Saturday, 9 July 2016

Deflections Into False Hope

No Nirvana

We have been reading about the remarkable life of Aung San Suu Kyi, who is at present serving as the effective democratically elected leader of Myanmar, at the pleasure of its military overlords.    It remains to be seen whether the military will retire itself from politics and government and allow itself to be transformed into a servant, not master, of the state.

Aung San Suu Kyi is, like most Burmese, a Buddhist.  But her faith is held seriously, in a dedicated fashion.  She is a true believer.  In one of her published books, she gives a brief description of Buddhism in Myanmar.
The one single factor which has had the most influence on Burmese culture and civilization is Theravada Buddhism.  In all parts of the country where Burmese people live there are pagodas and Buddhist monasteries.  The graceful tapering shape of a pagoda, painted white or gilded to a shining gold, is a basic part of any Burmese  landscape.  Burma is often called the "Land of the Pagodas".  [Aung San Suu Kyi, Freedom From Fear (New York: Penguin Group, 2010), p.66.]
It is true that the visitor to Myanmar is immediately confronted with pagodas around every corner.  It is the most striking and visible form of the hold which Buddhism has over the hearts and minds of the people.

Aung San provides a brief overview of Buddhist teaching and doctrine.

Buddhism teaches that suffering is an unavoidable part of existence.  At the root of all suffering are such feelings as desire, greed and attachment.  Therefore to be free from suffering it is necessary to be free from those undesirable feelings.  This freedom can be obtained by following the Noble Eightfold Path:
Right Thought
Right Speech
Right Action
Right Livelihood
Right Effort
Right Mindfulness
Right Concentration
Right Understanding
This path is known as the Middle Way, because it avoids two extremes: one extreme is the search for happiness through the pursuit of pleasure, the other extreme is the search for happiness through inflicting pain on oneself.  The final goal of a Buddhist is to be liberated from the cycle of existence and rebirth, call samsara.  Once this final liberation is achieved, one may be said to have attained nirvana; this word means "extinction" and might be explained as Ultimate Reality for all Buddhists.  [Ibid., p.67]
The concept of extinction being the ultimate achievement explains why many in the materialist West have an attachment to Buddhism.  At root it is a "salvation by good works" religion--which is condign with what the vast majority of  Westerners believe.  But the "salvation" to be achieved by the Noble Eightfold Path is conceptually the same as the Western atheist religion: namely, extinction.  A ceasing to exist.  All that is left is matter--electrons, neutrons, protons, and waves and such.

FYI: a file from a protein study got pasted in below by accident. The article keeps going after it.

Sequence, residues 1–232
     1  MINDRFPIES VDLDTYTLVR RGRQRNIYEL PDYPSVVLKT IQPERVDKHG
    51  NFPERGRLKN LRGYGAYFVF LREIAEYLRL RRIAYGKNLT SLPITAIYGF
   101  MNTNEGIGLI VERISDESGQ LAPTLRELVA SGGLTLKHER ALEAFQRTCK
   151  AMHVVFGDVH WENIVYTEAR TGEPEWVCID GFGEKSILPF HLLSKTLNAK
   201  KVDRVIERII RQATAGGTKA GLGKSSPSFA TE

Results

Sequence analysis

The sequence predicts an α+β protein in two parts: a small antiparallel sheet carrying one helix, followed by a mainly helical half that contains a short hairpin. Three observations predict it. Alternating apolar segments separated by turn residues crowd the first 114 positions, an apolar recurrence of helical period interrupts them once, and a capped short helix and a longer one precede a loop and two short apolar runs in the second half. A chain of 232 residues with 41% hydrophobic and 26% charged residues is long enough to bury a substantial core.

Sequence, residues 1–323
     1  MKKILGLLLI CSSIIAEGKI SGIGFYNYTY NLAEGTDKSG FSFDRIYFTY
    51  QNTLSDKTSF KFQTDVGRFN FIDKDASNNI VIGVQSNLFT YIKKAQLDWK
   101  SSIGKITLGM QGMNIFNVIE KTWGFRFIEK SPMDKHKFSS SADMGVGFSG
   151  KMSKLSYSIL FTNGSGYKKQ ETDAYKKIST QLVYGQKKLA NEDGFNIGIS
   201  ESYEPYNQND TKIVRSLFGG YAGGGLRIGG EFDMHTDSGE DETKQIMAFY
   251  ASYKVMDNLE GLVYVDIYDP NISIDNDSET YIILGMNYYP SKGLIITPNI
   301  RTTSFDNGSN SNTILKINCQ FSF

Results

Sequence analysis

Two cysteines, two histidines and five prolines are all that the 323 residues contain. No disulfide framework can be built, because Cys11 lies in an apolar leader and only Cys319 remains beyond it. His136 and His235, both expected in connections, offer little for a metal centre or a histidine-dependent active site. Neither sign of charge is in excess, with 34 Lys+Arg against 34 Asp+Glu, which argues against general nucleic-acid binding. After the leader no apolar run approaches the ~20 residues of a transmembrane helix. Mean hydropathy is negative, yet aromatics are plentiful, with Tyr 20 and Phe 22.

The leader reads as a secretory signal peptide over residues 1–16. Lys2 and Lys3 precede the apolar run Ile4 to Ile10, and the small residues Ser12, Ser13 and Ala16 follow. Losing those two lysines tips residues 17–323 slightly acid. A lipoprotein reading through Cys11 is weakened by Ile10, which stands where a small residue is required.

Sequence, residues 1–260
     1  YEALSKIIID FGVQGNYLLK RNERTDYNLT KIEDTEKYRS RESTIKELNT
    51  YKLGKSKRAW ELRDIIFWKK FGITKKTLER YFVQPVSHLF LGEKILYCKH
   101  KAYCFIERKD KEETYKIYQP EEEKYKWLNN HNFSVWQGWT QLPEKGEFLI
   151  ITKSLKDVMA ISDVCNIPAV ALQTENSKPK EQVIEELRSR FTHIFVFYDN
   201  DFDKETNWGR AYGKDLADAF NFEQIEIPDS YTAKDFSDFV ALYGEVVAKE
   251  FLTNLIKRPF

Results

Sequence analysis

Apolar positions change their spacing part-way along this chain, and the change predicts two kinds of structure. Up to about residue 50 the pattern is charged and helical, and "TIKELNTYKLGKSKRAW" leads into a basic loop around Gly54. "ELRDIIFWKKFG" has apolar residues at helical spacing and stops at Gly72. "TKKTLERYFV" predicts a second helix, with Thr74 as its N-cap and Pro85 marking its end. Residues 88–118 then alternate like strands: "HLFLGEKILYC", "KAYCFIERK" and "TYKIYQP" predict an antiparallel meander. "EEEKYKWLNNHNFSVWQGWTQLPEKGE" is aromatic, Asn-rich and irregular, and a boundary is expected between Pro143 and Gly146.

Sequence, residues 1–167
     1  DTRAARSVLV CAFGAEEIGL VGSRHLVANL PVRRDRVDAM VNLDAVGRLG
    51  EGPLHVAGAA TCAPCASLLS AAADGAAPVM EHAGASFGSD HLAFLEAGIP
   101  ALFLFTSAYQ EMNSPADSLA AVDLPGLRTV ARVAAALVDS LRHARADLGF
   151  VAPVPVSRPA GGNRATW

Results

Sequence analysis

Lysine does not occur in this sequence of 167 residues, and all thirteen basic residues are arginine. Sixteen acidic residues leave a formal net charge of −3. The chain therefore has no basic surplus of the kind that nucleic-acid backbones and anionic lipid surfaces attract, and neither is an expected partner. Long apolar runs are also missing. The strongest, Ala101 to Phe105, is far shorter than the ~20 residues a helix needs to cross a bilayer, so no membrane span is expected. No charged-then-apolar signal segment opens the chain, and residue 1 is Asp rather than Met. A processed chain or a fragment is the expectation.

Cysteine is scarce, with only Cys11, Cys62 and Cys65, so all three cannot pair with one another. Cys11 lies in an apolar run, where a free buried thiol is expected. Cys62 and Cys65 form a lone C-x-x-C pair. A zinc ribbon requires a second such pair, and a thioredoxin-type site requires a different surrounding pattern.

It also explains why some Buddhist leaders, notably the Dalai Lama of Tibet, have shows such a great fascination with advances and developments in quantum theory, because at the end of all things there ain't anything else.

Aung San continues:
All good Buddhists undertaken to abide by the Five Precepts, not to take life, not to steal, not to commit adultery, not to tell lies, not to take intoxicating drinks.  Although the taking of life is considered such an evil that many Burmese will go out of their way to avoid stepping on an insect, there are few who avoid eating meat.  This is considered inconsistent by some people.  The Burmese would probably argue that the Lord Buddha himself ate meat.  The Burmese are a practical people.  They have also been described as happy-go-lucky.  [Ibid.]
These precepts reflect an echo of the Law of the Living God written upon the hearts of all men.   Buddhism itself cannot provide a justification, a foundation for these precepts in the sense of an absolute morality.  Such transcendent authority for right and wrong simply does not exist in the Buddhist worldview.  The ultimate is nothingness.  Nothingness can have nothing to say about the good or evil of taking a life.  In the final analysis, within the Buddhist worldview, it is neither here nor there.

But just as the law of God is written on the hearts of the Burmese and all Buddhists, so is the truth of God's infallible existence and infinite personality.  We are all rebels against Him.  We must all appear before His judgment seat [II Corinthians 5:10] to receive what is due.  And we must appear knowing this: that all have sinned and all fall short of the glory of God. [Romans 3:23].  There is no escaping into non-existence.

The Bible teaches that all men already know this.  They all know of God's existence, and of the judgement to come.  And it is because of this that doctrines like nirvana, or "extinction" are attractive: they represent an escape from having to give an account for all the evils of thought, word, and deed of our lives.

The only hope is the one God Himself has provided.  And because He has provided it, the hope is sure and certain.  His Son was sent forth to be the Saviour of the world--for all who would repent of their sins and unbelief, and believe and entrust themselves to him.  This includes Aung San Suu Kyi and the people of Myanmar.  It includes us all.

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